Carol A. Boyer, MA, LPC, NCC
Choosing Your Councelor
No two people are exactly alike. And no two counselors are exactly alike, either. So, it only stands to reason that no counselor is necessarily the "right" counselor for everyone.
If you are currently looking for counseling help, it might be a good idea to call and speak to several different clinicians, to get a sense of their personal "style." Hearing someone's voice, and how they respond as you talk for a few minutes, can give you a sense of whether or not there's enough of a "click" for the two of you to work well together.
My personal style is dynamic and interactive. I like to listen attentively, then respond with feedback, so you can tell right away if we're on the same page. My questions and comments are designed to help you understand yourself more deeply, so you can make the choices and decisions that will get you the results you're looking for.
Some things to think about as you interview counselors:
- Do you have a preference for a man or woman counselor?
- If you want to use insurance to help pay for counseling, is this person in your plan?
As you speak to a counselor, how do you respond to their voice? How about the speed and energy of their speech? Can you understand them easily?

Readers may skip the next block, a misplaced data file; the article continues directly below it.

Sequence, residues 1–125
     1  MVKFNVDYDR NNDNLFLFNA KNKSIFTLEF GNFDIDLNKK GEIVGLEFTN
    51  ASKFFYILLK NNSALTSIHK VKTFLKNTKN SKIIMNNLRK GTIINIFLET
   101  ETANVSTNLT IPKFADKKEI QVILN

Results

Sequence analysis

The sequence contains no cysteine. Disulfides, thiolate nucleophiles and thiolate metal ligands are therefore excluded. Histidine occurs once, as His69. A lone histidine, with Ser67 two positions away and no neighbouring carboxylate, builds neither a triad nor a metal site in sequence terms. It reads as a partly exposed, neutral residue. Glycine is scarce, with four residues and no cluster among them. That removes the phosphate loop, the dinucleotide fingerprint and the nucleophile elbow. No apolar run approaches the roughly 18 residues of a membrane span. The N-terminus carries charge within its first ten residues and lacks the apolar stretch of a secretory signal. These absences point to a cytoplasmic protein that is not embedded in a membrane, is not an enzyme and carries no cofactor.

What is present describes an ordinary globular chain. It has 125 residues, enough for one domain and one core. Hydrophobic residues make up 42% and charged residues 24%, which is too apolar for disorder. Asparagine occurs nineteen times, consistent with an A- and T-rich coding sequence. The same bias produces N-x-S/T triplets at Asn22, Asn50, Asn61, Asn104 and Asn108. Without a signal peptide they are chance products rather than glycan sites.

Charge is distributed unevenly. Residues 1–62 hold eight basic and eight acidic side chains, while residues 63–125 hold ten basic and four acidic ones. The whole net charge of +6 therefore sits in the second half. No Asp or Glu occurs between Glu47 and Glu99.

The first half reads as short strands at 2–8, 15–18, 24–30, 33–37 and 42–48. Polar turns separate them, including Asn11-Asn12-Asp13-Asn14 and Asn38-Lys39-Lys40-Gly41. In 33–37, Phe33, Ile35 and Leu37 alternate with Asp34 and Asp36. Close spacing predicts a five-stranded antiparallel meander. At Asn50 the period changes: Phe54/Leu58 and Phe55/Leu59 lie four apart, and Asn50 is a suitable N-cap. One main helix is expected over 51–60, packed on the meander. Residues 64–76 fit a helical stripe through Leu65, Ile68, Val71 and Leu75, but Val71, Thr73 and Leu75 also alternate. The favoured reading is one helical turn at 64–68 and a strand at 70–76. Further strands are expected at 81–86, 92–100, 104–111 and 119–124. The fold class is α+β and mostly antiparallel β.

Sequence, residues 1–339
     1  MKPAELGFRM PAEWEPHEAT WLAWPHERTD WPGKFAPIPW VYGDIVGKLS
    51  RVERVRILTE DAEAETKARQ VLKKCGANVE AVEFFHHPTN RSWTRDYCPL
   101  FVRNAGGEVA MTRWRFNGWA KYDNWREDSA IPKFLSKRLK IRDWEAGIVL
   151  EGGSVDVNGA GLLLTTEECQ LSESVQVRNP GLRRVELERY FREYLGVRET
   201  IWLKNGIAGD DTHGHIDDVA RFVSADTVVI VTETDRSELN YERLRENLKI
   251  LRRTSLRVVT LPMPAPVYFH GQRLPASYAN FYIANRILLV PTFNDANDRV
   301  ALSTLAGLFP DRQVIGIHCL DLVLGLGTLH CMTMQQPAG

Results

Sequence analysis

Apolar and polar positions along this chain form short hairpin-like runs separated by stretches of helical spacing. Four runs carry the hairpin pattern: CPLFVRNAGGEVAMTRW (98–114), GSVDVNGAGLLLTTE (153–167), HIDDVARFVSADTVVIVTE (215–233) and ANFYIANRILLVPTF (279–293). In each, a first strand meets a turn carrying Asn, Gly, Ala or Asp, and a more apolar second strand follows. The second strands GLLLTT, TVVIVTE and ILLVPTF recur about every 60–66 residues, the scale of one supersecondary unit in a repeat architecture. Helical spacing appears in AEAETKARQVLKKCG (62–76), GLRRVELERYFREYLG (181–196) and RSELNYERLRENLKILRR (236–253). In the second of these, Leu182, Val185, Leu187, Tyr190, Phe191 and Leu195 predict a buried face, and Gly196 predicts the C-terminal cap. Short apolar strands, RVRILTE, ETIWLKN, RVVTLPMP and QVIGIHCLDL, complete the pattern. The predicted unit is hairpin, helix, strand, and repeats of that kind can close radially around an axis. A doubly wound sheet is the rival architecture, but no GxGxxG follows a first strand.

Is this person focused and attentive? Or do they seem distracted?
As you describe why you're seeking counseling, do they seem to "get" you? Do they understand your concerns?
Do they have any experience working with the types of issues that you're facing?
What method or theory does this person use as a framework? Examples include psychodynamic, existential, cognitive-behavioral, person-centered, and feminist theory. There are numerous theories that counselors might use, and they should be able to briefly describe their method to you.
Many counselors use a combination of theories. I use a combination of existential and feminist.
From an existential point of view, I want to help you figure out what gives your life meaning. How do you understand the things that happen in your life? When something unexpected happens, how do you make sense of it? This might include bringing in aspects of your spirituality or values.
Feminist theory is more about power and privilege. Feminists ask questions like, "Who has the power in your life?" "Where in your life do you have choice and influence, and where do you not?" From this perspective, I can help you identify which things in your life you have the power to change, and which ones you don't. This might entail helping you develop the skills to cope with situations you cannot change, as well as developing the skill and confidence to take charge of your life where you can.
50 Church Street, Suite L3, Montclair, NJ 07042